"Is he at school?" she asks. He isn't. Camden-Goold heard from the school transportation department that the boy hasn't been at his bus stop this week. The front office at his school reports that he's missed a couple days of class. So Camden-Goold dials a number for the boy's mom.
"I'll see if I can figure out what is going on," she says. But no luck. She gets a recorded message that the number can't be reached. Probably the phone bill didn't get paid.
"So I couldn't get ahold of Mom," she says. "This happens a lot." She sends a message to an old email she has for the mom, but it's a long shot.
Camden-Goold has been working with this family for a while: the mother, the boy in kindergarten, and his brother in sixth grade. "For a time, they were living in their car," she says. "The last we knew of them, they were doubled up with a friend."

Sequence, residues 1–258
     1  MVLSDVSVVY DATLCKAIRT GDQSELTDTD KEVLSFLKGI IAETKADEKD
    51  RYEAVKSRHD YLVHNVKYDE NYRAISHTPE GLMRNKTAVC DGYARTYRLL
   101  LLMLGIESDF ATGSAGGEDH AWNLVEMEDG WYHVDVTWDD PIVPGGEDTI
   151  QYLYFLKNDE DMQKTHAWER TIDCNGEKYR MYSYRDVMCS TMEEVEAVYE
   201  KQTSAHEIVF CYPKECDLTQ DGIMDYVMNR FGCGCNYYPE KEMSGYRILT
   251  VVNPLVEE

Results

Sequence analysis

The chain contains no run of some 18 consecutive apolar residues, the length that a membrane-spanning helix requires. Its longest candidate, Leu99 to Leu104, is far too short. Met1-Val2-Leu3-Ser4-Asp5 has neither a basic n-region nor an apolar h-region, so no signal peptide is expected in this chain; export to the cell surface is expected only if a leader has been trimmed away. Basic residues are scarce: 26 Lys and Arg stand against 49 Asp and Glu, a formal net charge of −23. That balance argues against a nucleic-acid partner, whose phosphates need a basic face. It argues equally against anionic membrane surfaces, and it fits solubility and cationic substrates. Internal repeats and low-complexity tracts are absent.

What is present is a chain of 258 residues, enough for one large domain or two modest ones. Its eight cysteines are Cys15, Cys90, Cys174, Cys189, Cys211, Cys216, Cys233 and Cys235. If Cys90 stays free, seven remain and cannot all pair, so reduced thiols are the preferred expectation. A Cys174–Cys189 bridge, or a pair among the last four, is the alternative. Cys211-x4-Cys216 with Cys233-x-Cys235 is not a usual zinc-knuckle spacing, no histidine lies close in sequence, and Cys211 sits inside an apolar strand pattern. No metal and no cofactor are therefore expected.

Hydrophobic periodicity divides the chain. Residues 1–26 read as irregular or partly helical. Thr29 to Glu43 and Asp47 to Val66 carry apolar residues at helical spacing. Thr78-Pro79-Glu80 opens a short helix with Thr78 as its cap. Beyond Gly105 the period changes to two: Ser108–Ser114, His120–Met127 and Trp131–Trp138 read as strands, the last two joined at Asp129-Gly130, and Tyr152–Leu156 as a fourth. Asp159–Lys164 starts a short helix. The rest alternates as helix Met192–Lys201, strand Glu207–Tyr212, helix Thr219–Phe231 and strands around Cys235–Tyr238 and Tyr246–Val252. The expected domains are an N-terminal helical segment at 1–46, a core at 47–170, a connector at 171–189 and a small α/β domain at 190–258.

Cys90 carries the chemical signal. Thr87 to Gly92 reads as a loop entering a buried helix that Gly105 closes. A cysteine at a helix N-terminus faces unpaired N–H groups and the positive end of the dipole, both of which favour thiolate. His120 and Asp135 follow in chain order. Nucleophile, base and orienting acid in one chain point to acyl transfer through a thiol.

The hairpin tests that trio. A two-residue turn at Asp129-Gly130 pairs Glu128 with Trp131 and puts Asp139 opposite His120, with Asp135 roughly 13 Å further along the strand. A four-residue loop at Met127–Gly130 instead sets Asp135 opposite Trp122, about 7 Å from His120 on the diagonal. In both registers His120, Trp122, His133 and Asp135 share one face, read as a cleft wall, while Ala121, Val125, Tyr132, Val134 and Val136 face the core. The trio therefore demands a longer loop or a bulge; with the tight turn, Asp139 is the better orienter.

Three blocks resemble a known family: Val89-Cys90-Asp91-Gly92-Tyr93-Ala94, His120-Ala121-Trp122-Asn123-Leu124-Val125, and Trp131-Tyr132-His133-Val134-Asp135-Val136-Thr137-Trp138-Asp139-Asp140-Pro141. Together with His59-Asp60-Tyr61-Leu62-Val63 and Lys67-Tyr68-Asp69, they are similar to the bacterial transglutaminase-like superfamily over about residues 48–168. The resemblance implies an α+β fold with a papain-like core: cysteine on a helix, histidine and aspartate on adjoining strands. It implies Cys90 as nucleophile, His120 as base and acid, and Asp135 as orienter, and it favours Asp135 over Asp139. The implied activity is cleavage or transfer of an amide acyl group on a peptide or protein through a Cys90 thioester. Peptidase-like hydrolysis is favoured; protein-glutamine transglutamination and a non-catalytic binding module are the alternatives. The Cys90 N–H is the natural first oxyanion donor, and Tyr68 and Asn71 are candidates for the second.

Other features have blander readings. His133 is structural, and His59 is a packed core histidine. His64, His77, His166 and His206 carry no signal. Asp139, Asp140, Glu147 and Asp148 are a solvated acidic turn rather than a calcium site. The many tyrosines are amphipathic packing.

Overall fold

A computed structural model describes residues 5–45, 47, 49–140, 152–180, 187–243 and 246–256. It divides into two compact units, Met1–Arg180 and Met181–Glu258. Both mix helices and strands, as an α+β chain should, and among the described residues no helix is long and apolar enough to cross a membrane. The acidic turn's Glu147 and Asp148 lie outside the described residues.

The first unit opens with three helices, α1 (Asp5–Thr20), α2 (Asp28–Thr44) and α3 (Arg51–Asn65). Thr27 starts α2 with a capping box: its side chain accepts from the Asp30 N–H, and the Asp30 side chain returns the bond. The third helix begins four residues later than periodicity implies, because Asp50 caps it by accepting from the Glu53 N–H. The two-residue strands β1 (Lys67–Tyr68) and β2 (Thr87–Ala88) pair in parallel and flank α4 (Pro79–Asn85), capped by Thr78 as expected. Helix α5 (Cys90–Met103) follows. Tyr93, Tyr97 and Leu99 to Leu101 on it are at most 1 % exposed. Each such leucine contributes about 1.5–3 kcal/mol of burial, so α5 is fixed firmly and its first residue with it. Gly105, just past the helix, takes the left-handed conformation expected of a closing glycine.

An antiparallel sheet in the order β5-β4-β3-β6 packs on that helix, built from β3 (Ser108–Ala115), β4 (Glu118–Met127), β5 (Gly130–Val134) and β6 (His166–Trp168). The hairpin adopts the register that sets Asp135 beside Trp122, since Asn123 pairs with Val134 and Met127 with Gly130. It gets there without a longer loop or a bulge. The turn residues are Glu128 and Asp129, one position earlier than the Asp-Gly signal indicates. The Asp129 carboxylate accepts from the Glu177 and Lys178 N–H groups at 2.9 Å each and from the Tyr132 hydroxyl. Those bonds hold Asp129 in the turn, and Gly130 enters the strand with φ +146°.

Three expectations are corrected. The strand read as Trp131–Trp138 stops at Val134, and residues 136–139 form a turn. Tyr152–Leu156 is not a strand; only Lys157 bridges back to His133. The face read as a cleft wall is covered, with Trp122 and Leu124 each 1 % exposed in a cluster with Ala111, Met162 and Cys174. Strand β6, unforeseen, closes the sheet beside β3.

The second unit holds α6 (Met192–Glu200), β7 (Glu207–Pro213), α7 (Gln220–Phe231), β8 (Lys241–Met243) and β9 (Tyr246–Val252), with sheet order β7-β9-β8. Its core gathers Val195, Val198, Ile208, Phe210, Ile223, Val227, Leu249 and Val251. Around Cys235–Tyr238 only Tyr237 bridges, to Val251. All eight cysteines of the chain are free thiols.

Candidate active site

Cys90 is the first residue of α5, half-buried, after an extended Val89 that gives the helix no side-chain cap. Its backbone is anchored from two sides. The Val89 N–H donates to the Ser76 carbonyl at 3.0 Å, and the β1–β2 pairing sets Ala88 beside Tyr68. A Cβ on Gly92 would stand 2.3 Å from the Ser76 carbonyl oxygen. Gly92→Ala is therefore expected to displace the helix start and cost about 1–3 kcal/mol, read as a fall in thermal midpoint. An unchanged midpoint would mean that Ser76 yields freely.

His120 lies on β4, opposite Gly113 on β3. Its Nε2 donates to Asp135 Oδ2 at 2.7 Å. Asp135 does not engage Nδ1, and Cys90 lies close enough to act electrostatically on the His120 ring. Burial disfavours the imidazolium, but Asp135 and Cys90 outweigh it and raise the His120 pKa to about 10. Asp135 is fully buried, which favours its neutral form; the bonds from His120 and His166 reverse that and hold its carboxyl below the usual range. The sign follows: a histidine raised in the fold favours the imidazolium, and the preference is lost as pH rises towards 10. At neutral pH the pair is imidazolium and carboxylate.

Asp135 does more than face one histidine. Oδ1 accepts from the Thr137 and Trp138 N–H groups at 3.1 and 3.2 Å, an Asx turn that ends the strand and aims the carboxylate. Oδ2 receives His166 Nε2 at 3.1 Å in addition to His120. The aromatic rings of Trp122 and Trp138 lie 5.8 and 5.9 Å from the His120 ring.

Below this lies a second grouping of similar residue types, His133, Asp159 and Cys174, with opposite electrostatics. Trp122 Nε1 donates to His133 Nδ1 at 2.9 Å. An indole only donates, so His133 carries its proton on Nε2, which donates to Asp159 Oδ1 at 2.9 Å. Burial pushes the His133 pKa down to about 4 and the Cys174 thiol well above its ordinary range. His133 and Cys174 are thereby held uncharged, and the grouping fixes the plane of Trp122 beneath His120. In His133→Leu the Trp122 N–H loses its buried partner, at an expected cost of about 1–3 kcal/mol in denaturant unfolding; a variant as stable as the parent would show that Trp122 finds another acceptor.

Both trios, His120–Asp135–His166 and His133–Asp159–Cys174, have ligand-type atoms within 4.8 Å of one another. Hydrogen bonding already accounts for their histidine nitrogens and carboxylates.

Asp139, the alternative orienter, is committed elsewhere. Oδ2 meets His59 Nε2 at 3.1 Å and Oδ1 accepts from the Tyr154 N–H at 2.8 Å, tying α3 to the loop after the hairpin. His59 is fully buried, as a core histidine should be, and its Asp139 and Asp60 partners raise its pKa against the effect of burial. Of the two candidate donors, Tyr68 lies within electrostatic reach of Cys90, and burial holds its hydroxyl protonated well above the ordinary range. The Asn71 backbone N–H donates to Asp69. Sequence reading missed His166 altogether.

"Doubled up" means squeezing in with someone else out of economic necessity.
"Most often it looks like staying with somebody temporarily," says Barbara Duffield of SchoolHouse Connection. "Maybe even someone you don't know, because there's nowhere else to go."
And it's increasingly common, because so many families are unable to afford housing.
"Staying with other people is the biggest category of children and youth who are homeless and enrolled in public school," she says.
About 75 percent of the kids the Department of Education identifies as homeless are doubled up.
One reason is that there aren't many shelters that cater to families. Another is that parents are often slow to ask for help if they lose their housing. Many of them are reluctant to turn to social service agencies.
"They don't know what's going to happen to them if they actually identify themselves," Duffield says. "They're afraid their kids are going to be taken away from them."